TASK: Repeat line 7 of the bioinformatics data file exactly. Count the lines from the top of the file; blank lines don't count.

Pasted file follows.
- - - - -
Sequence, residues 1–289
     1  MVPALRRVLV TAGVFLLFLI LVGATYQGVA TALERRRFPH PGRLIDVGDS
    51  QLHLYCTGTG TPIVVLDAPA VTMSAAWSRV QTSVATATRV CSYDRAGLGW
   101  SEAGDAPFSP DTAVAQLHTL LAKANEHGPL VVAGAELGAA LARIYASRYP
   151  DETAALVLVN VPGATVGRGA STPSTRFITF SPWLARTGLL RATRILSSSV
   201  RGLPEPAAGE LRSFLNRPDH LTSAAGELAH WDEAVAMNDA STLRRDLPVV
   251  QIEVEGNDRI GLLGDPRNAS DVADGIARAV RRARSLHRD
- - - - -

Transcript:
   251  QIEVEGNDRI GLLGDPRNAS DVADGIARAV RRARSLHRD